Beginning this summer, children and adults alike will experience the science of food in the new exhibit space called GROW at the St. Louis Science Center. Visitors will follow the steps from farm to table including the impacts of weather, a look at the technology it takes to feed the world, and even a “fermentation station” for grown ups to try their hands at beer brewing.
As with any science project, a lot of research went into developing the permanent indoor/outdoor exhibit space. Professor Ingolf Gruen, food science program chair at Mizzou, was one of the members of a committee that was consulted to analyze and give feedback on the evolving display. The committee is composed of members from Mizzou, Washington University and Saint Louis University.
“This concept began about five years ago,” Gruen said. “Few centers highlight agriculture; this (display) is focused heavily on the Midwest.”
Gruen said that some of the key aspects in the display would include bees and honey, soil, climate, growing plants, grains/commodities and agricultural business concepts.
“The Science Center is excited about this opportunity to highlight aspects of conventional farming that many people don’t know much about,” Bert Vescolani, president and CEO of the St. Louis Science Center said. “They don’t understand the science behind growing soybeans or growing corn or wheat. Or even taking care of the animals that we depend on every day.”
The science behind agricultural production methods is constantly developing. It’s more than boots and dirty jeans. Agriculture is a science, and it is one that the people who live in St. Louis and its surrounding communities are striving to learn more about.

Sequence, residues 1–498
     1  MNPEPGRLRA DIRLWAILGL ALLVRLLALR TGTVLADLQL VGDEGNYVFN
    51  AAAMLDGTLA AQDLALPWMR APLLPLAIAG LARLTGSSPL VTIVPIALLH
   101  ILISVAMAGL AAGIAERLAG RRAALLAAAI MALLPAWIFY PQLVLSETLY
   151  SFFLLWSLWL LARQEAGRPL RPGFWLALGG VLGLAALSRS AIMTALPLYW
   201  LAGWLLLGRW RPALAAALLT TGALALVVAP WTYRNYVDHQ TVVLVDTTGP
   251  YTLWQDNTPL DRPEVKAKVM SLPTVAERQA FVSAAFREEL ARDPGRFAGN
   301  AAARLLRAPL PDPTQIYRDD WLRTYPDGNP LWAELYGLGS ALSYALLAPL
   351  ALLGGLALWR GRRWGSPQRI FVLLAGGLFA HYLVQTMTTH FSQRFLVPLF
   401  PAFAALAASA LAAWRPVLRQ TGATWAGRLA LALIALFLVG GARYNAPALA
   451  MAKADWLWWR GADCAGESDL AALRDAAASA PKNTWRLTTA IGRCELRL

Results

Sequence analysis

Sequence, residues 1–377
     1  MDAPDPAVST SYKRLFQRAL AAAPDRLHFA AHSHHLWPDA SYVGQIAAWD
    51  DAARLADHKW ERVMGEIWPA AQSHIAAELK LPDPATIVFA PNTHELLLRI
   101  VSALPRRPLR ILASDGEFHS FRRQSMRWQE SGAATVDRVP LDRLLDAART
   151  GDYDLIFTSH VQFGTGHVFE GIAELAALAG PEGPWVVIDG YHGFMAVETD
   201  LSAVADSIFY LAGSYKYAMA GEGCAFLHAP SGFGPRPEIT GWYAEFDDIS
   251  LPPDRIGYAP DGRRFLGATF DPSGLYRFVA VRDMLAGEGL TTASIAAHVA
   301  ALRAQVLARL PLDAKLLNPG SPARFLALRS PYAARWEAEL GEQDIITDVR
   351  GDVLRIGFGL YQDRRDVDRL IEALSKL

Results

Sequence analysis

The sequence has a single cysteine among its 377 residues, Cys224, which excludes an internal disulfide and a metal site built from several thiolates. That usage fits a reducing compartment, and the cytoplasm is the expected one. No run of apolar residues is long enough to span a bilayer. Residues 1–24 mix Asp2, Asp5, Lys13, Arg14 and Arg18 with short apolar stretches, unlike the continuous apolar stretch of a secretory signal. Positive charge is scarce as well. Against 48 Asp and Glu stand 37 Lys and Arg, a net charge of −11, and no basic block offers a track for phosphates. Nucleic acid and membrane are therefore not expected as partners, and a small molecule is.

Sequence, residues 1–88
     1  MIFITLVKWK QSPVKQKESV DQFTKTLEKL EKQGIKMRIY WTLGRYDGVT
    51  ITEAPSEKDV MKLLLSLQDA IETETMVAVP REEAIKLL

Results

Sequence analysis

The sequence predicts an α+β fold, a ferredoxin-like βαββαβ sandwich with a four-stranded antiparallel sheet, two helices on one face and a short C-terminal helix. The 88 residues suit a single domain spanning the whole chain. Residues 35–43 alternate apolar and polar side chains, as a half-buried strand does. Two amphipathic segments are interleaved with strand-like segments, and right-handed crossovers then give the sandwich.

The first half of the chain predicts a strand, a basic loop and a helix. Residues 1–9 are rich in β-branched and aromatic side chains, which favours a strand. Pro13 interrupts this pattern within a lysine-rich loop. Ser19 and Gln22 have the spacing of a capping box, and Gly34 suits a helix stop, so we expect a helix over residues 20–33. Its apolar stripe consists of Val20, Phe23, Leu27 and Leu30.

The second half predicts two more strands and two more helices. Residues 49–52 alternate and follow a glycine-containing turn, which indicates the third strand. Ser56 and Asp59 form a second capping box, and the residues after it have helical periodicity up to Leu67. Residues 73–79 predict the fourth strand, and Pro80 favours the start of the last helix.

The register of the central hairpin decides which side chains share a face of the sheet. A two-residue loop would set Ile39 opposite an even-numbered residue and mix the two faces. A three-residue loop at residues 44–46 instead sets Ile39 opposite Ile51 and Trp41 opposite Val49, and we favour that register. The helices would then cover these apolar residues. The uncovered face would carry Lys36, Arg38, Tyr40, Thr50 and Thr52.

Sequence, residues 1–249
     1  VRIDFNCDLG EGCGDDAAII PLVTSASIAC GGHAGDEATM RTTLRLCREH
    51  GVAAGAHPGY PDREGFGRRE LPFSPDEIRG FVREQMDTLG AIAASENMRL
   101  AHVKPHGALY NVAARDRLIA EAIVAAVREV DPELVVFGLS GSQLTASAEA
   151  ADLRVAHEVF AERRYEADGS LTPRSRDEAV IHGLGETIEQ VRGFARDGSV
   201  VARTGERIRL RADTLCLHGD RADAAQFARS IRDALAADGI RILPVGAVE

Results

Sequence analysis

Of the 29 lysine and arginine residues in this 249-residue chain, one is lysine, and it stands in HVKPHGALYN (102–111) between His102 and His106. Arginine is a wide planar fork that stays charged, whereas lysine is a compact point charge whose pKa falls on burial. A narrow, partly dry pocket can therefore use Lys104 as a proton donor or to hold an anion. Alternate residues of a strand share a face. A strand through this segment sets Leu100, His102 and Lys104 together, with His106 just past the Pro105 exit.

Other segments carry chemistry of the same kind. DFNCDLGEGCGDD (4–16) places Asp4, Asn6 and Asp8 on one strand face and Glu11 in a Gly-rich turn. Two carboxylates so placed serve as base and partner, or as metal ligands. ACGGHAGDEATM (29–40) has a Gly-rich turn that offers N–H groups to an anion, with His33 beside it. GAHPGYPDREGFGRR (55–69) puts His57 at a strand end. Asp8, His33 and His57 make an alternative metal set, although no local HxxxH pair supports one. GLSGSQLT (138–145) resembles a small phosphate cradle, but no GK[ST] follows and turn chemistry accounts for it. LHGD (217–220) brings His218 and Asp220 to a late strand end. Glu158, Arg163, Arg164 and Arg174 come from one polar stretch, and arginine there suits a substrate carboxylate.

“Within a short drive of the Science Center, you are in farm country, and you’re amongst the agriculture benefits of this region,” Vescolani said.
The detail of the display is what members of the committee and employees of the Science Center are really focusing on to communicate to the public.
“One of those things that we feel is important to show is the entire process from planting the seeds and cultivation, to growing and harvesting and transporting,” Vescolani said.
An important part of the display is allowing the public to relate, so it will feature agriculturalists to learn from.
“We really reached out into the community pretty aggressively,” Vescolani said. “We can bring in those individuals to tell stories, to show what they do, to talk about advances, and probably more importantly get rid of some of the myths around farming or agriculture or the science related to those and start to illuminate where farming is going in the future.”
Another important aspect to consider is that agriculture goes beyond growing corn and soybeans or raising beef and pork. By covering the entire agricultural chain, the audience will be able to realize exactly how far agriculture reaches into the community.
“We all have a sense of what farms are all about, but we rely on those [agricultural] partners to drill down and figure out the best stories in the most meaningful way to our audience,” Vescolani said.
Most individuals who will visit the display will not have a close connection to agriculture, making the display their introduction to the agricultural industry.
“It may be an urban population who doesn’t have that connection as clear as some of us who grew up in an area that is closer to farmland and have those experiences,” Vescolani said. “It may be that we want to elevate that story about the importance of our farming and agriculture community and how critical they are to our individual health and nutrition and growth.”
There are high hopes and expectations for this exhibit to be beneficial to all ages. It could make agricultural practices more clear to those who are unfamiliar and encourage others to pursue a career in some aspect of agriculture science.